Some do not know their credit score. Some wish it were better. Many do not know there is a specific score you need to know in order to qualify for a home loan.
The main credit scoring system people will be familiar with is the VantageScore. This score, which is rounded up from credit bureaus TransUnion, Equifax and Experian, takes into account your credit activity in the past two years. Those familiar with Credit Karma, which offers free credit checks at no strings attached, uses this model.
The new system of VantageScore has been upgraded so the credit scale is now 300 to 850, instead of 501 to 990. Collections accounts that have been paid off will not negatively impact this newer system and having scores that go as low as 300 help people build up their credit, or help people be on the financial radar if they are new to the system.
The factors that beef up a Vantage credit score involve keeping a variety of credit types over time, paying timely, reducing debts, and less important factors like available credit amounts. One tip to getting or keeping a good credit score is to make sure the totals you owe on credit cards do not go over 30 percent of your credit limit.
With this in mind, there is another scoring model you may not have known you had. FICO was the pioneer in credit score measurement, with the VantageScore being created by the credit bureaus to compete.
The FICO score also comes from the three credit bureaus, like the Vantage model. The scoring system is accounted from five different factors, listed from most to least influential: payment history, amounts owed, length of credit history, new credit, and types of credit being used. They will range either from 300 to 850, or 250 to 900.
Associates in our office who go over applications often find that Vantage scores will be higher than FICO scores, and that most people aren’t even aware of their FICO score. Lenders usually take more value in the FICO score than Vantage.
People who do not know their credit score, or believe they already have it, can sometimes be nervous about what a credit pull will do to their scores. A lender will do a hard inquiry to pull your true credit score because you want a loan. Though the pull will take a few points away from you, the drop is only temporary.
A soft inquiry is used for background checks for companies or even offers of credit (preapproved credit cards for example). These inquiries, unlike the hard inquiry, can happen without your permission but will not negatively impact your credit score.
Why does your credit score go down when you do a hard inquiry? Is it a punishment for wanting to know what your credit score is?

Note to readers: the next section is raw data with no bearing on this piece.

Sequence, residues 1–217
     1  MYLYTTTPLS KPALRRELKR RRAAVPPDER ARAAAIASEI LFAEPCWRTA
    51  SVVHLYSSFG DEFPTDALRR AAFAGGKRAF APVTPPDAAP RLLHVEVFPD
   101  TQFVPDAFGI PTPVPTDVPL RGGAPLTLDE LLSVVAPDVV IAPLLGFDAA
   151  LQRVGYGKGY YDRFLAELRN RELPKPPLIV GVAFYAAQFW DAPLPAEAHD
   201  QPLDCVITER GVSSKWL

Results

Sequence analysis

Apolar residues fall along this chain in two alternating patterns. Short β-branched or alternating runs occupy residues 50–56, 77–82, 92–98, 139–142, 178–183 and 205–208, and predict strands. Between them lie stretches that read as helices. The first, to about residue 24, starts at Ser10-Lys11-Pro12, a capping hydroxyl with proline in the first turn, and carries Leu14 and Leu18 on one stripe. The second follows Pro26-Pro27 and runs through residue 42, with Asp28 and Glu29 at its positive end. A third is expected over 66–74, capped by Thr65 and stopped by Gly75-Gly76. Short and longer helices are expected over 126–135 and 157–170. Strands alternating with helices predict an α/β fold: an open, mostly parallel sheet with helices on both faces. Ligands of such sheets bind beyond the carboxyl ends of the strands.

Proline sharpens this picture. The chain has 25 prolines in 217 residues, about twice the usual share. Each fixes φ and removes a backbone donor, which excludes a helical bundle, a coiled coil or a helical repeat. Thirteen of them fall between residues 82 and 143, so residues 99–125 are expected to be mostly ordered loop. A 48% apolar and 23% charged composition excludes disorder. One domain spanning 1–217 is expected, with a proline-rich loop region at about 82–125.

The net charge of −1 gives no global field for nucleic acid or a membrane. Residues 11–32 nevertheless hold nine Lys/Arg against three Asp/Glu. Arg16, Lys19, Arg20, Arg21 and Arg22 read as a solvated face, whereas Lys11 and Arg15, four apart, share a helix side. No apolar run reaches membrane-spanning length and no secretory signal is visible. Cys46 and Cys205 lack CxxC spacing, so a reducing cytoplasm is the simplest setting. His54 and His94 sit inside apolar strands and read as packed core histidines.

The reason this occurs is because it acts as a discouragement from people being reckless with lines of credit. When too many credit pulls occur, credit bureaus may view this as an irresponsible action and that you are trying to obtain too much credit in a short period of time. Two hard credit pulls a year is the recommended limit from Credit Karma.
How much exactly is a hard credit pull going to cost you? FICO will take 5 points from you for one pull, but thankfully, they lump together multiple inquiries within a 45 day consecutive run into one inquiry. This is because they are aware people often do loan shopping for big investments like homes and cars. For the Vantage system, a hard inquiry will cost one to five points, but the pulls aren’t as significant on your credit history as your trail of timely payments is.
If you are disappointed in your score and want it to go up, pay off your balances before you buy anything unnecessary with your lines of credit. Stick to only what you need – food, shelter, transportation, and if truly needed, clothes. Stop using your credit cards momentarily and stick to only using cash. This will help you keep track of what is spent or being spent when you physically see the money leaving your wallet.
Sites that will offer you Vantage credit scores for free when you are a client can come from Credit.com and USAA. FICO scores will be provided to clients from Discover, JPMorgan Chase, Bank of America, and Ally Financial.
We have detailed information on flexible, no or low down payment government loans! For info on the FHA home loan, click here.
For info on how to apply for a USDA home loan, click here.
For info on the VA home loan, click here.
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